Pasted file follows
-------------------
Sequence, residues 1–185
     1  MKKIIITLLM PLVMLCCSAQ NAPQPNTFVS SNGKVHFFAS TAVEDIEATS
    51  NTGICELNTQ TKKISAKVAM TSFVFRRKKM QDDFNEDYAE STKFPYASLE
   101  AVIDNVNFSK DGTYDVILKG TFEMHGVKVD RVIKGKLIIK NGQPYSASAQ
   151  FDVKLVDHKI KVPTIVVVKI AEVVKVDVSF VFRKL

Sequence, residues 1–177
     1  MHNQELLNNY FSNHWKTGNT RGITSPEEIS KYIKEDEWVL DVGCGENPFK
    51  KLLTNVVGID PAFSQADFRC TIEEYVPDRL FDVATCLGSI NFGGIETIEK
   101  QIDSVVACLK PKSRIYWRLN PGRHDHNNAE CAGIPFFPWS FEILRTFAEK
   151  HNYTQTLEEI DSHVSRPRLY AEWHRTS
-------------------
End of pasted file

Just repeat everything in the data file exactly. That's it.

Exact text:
Sequence, residues 1–185
     1  MKKIIITLLM PLVMLCCSAQ NAPQPNTFVS SNGKVHFFAS TAVEDIEATS
    51  NTGICELNTQ TKKISAKVAM TSFVFRRKKM QDDFNEDYAE STKFPYASLE
   101  AVIDNVNFSK DGTYDVILKG TFEMHGVKVD RVIKGKLIIK NGQPYSASAQ
   151  FDVKLVDHKI KVPTIVVVKI AEVVKVDVSF VFRKL

Sequence, residues 1–177
     1  MHNQELLNNY FSNHWKTGNT RGITSPEEIS KYIKEDEWVL DVGCGENPFK
    51  KLLTNVVGID PAFSQADFRC TIEEYVPDRL FDVATCLGSI NFGGIETIEK
   101  QIDSVVACLK PKSRIYWRLN PGRHDHNNAE CAGIPFFPWS FEILRTFAEK
   151  HNYTQTLEEI DSHVSRPRLY AEWHRTS